interferon beta-1a

Avonex, Rebif

interferon beta-1b

Betaferon (UK), Betaseron, Extavia

Pharmacologic class: Biological response modifier

Therapeutic class: Antiviral, immunoregulator

Pregnancy risk category C


Binds and competes with specific receptors on cell surface, inducing various interferon-induced gene products. Also inhibits proliferation of T cells.


Lyophilized powder for injection (beta-1a): 22 mcg (6 million international units; Rebif), 33 mcg (6.6 million international units; Avonex), 44 mcg (12 million international units; Rebif)

Lyophilized powder for injection (beta-1b): 0.3 mg in glass, single-use, 3-ml vial

Powder for injection (beta-1b): 0.3 mg (9.6 million international units; Betaseron)

Prefilled syringes (beta-1a): 30 mcg/0.5 ml (Avonex)

Indications and dosages

To reduce frequency of exacerbations in relapsing-remitting multiple sclerosis

Adults ages 18 and older: 8.8 mcg Rebif subcutaneously three times weekly, increased over a 4-week period to 44 mcg three times weekly. Or 30 mcg Avonex I.M. once a week. Or 8 million international units (0.25 mg) Betaseron subcutaneously every other day. Or initially, 0.0625 mg (0.25 ml) (Extavia) subcutaneously every other day, increased over 6 weeks to 0.25 mg (1 ml) every other day.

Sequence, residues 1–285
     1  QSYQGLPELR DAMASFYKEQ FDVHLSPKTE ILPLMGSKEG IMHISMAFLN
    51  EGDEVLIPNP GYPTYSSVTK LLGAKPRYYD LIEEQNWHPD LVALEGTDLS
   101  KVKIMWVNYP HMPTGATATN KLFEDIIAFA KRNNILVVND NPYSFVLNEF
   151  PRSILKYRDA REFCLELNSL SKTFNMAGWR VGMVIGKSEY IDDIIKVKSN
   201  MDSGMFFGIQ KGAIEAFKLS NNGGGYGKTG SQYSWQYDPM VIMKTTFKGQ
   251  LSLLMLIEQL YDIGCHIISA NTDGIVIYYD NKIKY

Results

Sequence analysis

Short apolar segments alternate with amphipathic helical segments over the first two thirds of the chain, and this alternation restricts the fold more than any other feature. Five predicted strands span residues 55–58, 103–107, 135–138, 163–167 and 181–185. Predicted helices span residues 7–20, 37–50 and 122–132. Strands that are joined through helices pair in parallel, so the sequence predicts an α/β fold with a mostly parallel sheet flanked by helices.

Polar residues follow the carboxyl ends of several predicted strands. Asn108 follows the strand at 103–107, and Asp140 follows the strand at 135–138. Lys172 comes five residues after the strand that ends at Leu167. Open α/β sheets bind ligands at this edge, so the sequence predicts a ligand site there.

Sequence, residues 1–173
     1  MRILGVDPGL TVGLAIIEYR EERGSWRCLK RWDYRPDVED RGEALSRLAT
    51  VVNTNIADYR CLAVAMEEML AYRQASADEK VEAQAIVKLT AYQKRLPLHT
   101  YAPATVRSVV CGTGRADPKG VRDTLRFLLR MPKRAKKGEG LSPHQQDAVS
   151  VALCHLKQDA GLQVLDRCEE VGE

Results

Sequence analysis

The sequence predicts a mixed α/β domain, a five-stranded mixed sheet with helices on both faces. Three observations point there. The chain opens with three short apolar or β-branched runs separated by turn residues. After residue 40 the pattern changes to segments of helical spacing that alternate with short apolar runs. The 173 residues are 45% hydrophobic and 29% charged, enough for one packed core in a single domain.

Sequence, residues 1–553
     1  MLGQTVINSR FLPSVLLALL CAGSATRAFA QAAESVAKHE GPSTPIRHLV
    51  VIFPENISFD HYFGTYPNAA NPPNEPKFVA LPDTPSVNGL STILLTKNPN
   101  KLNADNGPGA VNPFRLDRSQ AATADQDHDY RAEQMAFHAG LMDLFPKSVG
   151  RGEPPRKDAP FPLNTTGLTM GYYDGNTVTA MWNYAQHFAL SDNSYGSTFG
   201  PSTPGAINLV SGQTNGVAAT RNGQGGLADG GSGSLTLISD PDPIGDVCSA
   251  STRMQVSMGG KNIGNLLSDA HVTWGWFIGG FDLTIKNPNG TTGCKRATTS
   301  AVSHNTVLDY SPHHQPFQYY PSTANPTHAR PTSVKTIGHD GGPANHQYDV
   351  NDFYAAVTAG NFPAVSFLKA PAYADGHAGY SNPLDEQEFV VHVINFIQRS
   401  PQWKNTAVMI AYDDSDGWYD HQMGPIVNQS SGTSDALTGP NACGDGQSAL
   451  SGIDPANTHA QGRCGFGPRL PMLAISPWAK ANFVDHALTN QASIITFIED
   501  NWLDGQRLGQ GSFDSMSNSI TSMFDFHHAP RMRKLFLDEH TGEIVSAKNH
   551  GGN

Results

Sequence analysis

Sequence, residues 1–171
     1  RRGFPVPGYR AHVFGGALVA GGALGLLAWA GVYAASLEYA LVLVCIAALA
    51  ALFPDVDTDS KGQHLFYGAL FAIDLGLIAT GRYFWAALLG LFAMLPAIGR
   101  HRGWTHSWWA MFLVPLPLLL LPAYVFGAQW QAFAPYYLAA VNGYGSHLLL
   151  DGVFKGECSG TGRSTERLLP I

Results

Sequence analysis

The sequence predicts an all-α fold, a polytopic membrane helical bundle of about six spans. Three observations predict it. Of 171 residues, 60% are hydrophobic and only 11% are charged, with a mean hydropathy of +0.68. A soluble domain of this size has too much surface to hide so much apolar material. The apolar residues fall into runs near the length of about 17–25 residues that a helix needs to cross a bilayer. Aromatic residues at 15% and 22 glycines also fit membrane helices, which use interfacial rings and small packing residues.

• Hypersensitivity to drug, its components, or albumin


Use cautiously in:

• cardiac disease, seizure disorders, mental disorders, depression, suicidal tendencies

• women of childbearing age

• pregnant or breastfeeding patients

• children ages 18 and younger.


• Reconstitute Avonex (I.M. injection) and Rebif (subcutaneous injection) using diluent provided, according to instructions provided.

• Reconstitute Betaseron (subcutaneous injection) using 1.2 ml of diluent supplied by manufacturer, to yield a concentration of 0.25 mg/ml. Swirl gently to mix; don't shake. Use reconstituted drug within 3 hours; discard unused portion.

• Reconstitute Extavia (subcutaneous injection) by attaching prefilled, single-use syringe containing 1.2 ml of diluent supplied by manufacturer to vial using vial adapter. Slowly inject 1.2 ml of diluent into vial to yield a concentration of 0.25 mg/ml. Swirl gently to mix; don't shake. Use reconstituted drug within 3 hours; discard unused portion.

Adverse reactions

CNS: dizziness, confusion, rigors, paresthesia, lethargy, depression, difficulty thinking or concentrating, insomnia, anxiety, fatigue, amnesia, nervousness, drowsiness, asthenia, malaise, suicidal ideation

CV: chest pain, hypertension, palpitations, arrhythmias

EENT: visual disturbances, stye, hearing disorders, nasal congestion, sinusitis, rhinitis, pharyngitis

GI: nausea, vomiting, diarrhea, constipation, abdominal pain, dyspepsia, flatulence, eructation, stomatitis, dry mouth, intestinal obstruction